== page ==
From Bookseller and Publisher

Reviewer Max Oliver described first-time author Felicity Volk’s book Lightning (Picador)an ‘ambitious, finely written novel’ that tells the story of ‘two outsiders finding each other’. He spoke to the author.

Your publisher is categorising this novel as ‘magic realism’. Was this your intention when writing the book? 

I’m not sure I had any specific intentions when I sat down to write Lightning. Certainly I had no plan to write in the magic realism genre, much as I love to read it—Salman Rushdie, Isabel Allende, Gabriel García Márquez and Patrick Süskind’s Perfume (Penguin) are favourites. I had no narrative arc, no plot map and I knew only two of the characters who would populate my pages: Persia and her daughter. I simply had a seed—one you might pick up from a forest floor, wondering what it would grow into if given light, warmth, moisture and time; most importantly, time.  

The label ‘magic realism’ is interesting. Some readers baulk at it (some writers too) without really knowing what they are resisting. The incarnations of magic realism are so variable. Lightning contains features of this genre—exalted realities and surreal coincidences, fantasy married to the commonplace—set within the contemporary narrative. The novel contains a series of stories within stories, like a babushka doll. In some cases, these tales occupy the fringes of ordinary reality. And they link enigmatically across time and place because, as Ahmed observes to Persia, we are all connected as players in a generational cosmic drama.

I’ve written in the blurry landscape between the real and the surreal, because that’s the territory I inhabit. I have a profound sense of the invisible forces that surround us, moving the world’s inhabitants. Life would be exceedingly grey without the mystery of serendipity and synchronicity, the captivating impulse of dreams and passion. 

Within the novel we find several extended tales. Are these original, or did you come across them during your travels? 

Completely original. I first travelled overseas at the age of seven when my family toured Europe in a Bedford campervan. That whetted my appetite for the peculiar charms of itinerancy, and steered me towards my professional life as a diplomat. I’ve travelled extensively for both work and pleasure, but all the stories in Lightning come from the other journeying I’ve done—within myself, across the unpredictable terrain of imagination. None of the people or tales in my novel resemble those I encountered overseas, but I hope they invoke the mystery and magic of experiences I’ve navigated. One of the greatest pleasures of writing Lightning was to chase the white rabbit down his hole into Wonderland to see where he led.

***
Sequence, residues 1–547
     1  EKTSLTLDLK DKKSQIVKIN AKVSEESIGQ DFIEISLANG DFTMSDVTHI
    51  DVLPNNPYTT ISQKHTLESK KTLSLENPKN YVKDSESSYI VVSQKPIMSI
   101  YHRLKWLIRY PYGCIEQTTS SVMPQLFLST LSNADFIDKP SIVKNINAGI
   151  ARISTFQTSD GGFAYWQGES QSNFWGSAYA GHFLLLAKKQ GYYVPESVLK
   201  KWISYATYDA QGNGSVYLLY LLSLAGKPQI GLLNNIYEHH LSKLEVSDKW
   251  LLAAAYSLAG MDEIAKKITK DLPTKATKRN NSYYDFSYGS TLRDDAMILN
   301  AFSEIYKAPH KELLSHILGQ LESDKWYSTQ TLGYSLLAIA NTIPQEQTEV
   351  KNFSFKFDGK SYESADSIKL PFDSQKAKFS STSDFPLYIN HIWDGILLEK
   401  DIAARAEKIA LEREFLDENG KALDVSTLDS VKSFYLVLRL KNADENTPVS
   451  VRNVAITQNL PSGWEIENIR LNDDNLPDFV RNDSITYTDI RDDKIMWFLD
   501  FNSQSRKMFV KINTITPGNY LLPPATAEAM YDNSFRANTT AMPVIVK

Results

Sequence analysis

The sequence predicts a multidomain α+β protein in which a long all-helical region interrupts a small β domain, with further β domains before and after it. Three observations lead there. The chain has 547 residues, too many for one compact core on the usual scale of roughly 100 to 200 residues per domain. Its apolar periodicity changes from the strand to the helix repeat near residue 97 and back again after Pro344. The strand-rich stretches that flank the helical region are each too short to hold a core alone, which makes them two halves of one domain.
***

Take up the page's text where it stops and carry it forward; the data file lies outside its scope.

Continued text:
You incorporate the early history of Afghans in Australia into your narrative. How available is this history to anyone who may be interested? 

For most elements of our culture and history, however obscure, there is a wealth of information which some dedicated researcher has thankfully published. But you need to be lucky and stumble across it, or know where to look. With the research for Lightning, the former applied. In fact, I acquired a wonderful book about Australia’s Afghan cameleers some 15 years before I began to write Lightning. I chanced on Christine Stevens’ Tin Mosques and Ghantowns: A History of the Afghan Cameldrivers in Australia (OUP) around the time that I accompanied a Pakistani official on a visit to Australia. He was interested in the early Afghanistan-Australia connection and, shortly after he returned to Pakistan, I noticed Christine’s book in a shop. Serendipity. I bought a copy to send to him but ended up keeping it myself. Since Tin Mosques’ publication in 1989, significant research into Australia’s Muslim cameleering heritage has been conducted, including an exhibition titled Australia’s Muslim Cameleers: Pioneers of the Inland 1860s-1930s, curated by the South Australian Museum in 2007 (Wakefield Press). 

What was the last book you read and loved? 

That’s surprisingly tough. I have to track back to identify a book I’ve really fallen in love with. I recently reread Murray Bail’s Eucalyptus (Text), and was awed again by his glorious imagination and quiet elegance. Lately, I’ve been in something of a book-loving wilderness. Perhaps because my focus has been so exclusively on the process of picking Lightning apart (the editorial effort to make it more pristine), it’s been hard to read anything without the same critical, interrogative eye I’ve been applying to my own work.

The tangible record of how much I love a book is the extent of dog-earing of pages and sentence underlining I inflict on whatever I’m reading (does this out me as a fugitive from ereaders?). On that score, Heather Rose’s The River Wife (A&U), Lionel Shriver’s The Post-Birthday World (Harper Perennial), Julian Barnes’ The Lemon Table (Vintage) and any collection by Canadian short-story writer Alice Munro are frontrunners. They are books that make you weep with the exquisite pain of being human. When you read them, you feel as if inhabited by the author. It’s a beautiful and terrifying sensation to be known so deeply by a stranger.